Despite three years of frenetic exit activity, private equity (PE) firms continue to focus on divestments, with exits up 10% in 2017. Looking to the future, firms have more than US$633b in available capital — more than ever before — and we expect to see more deployment of capital in the upcoming year.
Competition for quality assets has been fierce and valuations reached new heights, with the average EV/EBITDA multiple closing in on 11x last year (per Pitchbook, as of 31 March 2017), the highest since the financial crisis. PE firms seeking to maintain or improve valuations can expect to be challenged on their pricing.
Unlocking portfolio businesses potential to benefit from digital and technological changes could be the key to securing greater value. PE firms that exploit the power of data and analytics tools at every stage of the transaction process will be able to build a powerful value case for their most attractive assets.
On average, 74% of PE executives struggle to assess the effect technology may have on portfolio company value. Among firms with AUM greater than US$30b, the percentage climbs to 95%. This needs to improve if PE expects to make the most of divestments in a technology-driven marketplace.
Just as important as using the right analytics tools are the people. Almost three-quarters of PE executives (73%) find it challenging to identify the right team to assess the impact and value of evolving technologies in their portfolio.
The organic growth potential of a target is becoming critical to the PE exit strategy. While a quarter of firms cited this last year, it now sits near the top of the list at 43%. Amid high valuations, growth opportunities will help PE firms build on their purchase price and offer future buyers a growth trajectory for the business.
Technology can create pre-sale value, whether by resolving vulnerabilities (e.g., by improving cybersecurity) or improving margins (e.g., by cutting costs through automation). The key is to identify which technology will add the most value in the time available and determine who will own this process (e.g., operating partners, deal teams or a combination of both).
Almost two-thirds (61%) of PE executives now determine the right time to sell 12 months before the exit — up from 35% in our 2017 study. With rising valuations, PE funds cannot expect an opportunistic approach to automatically work.
More than ever, tax policy can make exit plans less viable, or alternatively, offer new opportunities to improve value. New policies are reshaping the tax profile of businesses, from US tax reform to the OECD/G20 Base Erosion and Profit Shifting (BEPS) project cascading through Europe.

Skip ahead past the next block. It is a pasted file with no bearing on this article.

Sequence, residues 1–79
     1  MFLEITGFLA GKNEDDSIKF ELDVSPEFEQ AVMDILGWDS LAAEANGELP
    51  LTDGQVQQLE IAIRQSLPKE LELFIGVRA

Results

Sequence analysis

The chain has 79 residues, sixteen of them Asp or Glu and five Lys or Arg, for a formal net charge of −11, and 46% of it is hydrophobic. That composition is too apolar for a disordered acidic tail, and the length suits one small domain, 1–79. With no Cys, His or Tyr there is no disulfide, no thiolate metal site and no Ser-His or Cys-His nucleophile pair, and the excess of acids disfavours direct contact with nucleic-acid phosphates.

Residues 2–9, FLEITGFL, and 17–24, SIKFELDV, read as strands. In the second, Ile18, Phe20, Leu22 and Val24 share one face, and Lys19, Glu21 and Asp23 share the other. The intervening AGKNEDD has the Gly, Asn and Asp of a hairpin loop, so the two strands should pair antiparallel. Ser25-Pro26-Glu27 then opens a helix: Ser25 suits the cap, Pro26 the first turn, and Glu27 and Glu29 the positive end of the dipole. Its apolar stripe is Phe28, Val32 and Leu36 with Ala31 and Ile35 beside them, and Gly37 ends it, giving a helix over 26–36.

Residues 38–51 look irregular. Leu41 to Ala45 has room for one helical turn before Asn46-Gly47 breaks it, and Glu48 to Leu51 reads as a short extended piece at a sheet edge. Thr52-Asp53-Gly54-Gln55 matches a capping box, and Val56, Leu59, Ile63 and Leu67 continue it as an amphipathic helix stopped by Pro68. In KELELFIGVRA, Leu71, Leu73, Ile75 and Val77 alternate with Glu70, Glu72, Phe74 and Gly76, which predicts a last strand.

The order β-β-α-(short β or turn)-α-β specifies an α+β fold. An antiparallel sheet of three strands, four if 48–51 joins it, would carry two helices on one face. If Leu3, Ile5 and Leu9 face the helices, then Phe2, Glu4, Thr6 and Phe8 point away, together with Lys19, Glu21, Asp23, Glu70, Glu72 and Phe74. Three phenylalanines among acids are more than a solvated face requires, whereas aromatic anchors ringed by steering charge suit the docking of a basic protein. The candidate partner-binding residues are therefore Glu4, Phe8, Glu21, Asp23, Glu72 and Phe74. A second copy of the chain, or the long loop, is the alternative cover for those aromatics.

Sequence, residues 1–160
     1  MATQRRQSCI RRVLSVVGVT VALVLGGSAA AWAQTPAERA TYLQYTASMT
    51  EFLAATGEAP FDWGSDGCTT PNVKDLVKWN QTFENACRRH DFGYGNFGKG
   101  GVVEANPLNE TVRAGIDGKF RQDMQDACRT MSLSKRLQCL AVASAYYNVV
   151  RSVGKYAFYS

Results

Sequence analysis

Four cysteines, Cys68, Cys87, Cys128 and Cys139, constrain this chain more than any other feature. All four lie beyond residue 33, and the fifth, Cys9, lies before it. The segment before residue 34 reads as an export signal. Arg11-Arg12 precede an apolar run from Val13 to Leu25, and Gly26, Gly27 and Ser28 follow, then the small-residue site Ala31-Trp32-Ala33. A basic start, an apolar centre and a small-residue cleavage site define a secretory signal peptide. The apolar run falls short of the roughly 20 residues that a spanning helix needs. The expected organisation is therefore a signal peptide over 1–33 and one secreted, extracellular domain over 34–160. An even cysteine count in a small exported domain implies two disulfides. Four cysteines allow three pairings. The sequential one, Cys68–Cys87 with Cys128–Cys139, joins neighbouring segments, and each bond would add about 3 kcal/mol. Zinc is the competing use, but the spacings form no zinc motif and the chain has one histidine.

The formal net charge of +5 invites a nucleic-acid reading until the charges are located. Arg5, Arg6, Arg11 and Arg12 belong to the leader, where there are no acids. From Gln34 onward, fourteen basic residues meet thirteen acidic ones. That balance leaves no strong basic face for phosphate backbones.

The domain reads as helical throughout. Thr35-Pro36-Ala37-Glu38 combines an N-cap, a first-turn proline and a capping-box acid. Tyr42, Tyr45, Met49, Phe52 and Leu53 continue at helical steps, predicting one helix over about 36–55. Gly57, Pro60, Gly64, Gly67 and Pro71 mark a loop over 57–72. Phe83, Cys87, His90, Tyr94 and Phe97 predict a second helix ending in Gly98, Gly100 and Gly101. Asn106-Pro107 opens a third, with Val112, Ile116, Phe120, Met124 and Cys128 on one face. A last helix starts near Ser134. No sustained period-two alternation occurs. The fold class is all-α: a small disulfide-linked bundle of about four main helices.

Sixty-eight percent of PE executives say they highlighted tax upsides to purchasers in their last exit.
Most buyers will expect digital to be part of the sale narrative, predicated on changing business models, processes, products and services. Sellers must be prepared to show how the business performance has fundamentally changed as a result of digital improvements.
Only 68% of PE executives say they used analytics during buyer negotiations, but this was the activity that the largest group of sellers we surveyed (33%) say created the most value. Financial modeling analytics and scenario planning with potential buyers can resolve doubts and help determine where to deploy resources and prove the value case.
Drilling down into a portfolio’s performance can give buyers the information they seek during diligence, reducing potentially conservative valuations. Over three-quarters (77%) of firms did so, with 28% saying this uncovered the most value during an exit. Analytics can shorten the diligence period by helping buyers identify opportunities to grow revenue, such as customers or markets; improving operations to deliver better margins; or rightsizing or outsourcing the workforce.
Amid higher valuations, private equity sellers must work harder to justify pricing during exit processes, even in an era of tough competition for the most attractive assets.
It’s time to think differently — by exploiting data and analytics tools to prove value during every stage of ownership. Investing in talent with strong digital and technology experience, as well as the tools to extract and process data, will improve decisions around exit strategy and planning.
Quantifying the value of your business, and using technology to do so, will help build a compelling value narrative to appeal to a wide a range of buyers. Collaborating with buyers during the diligence process, by sharing data and identifying areas for revenue growth, can also help increase the value of exits.
Private Equity Divestment Study PDF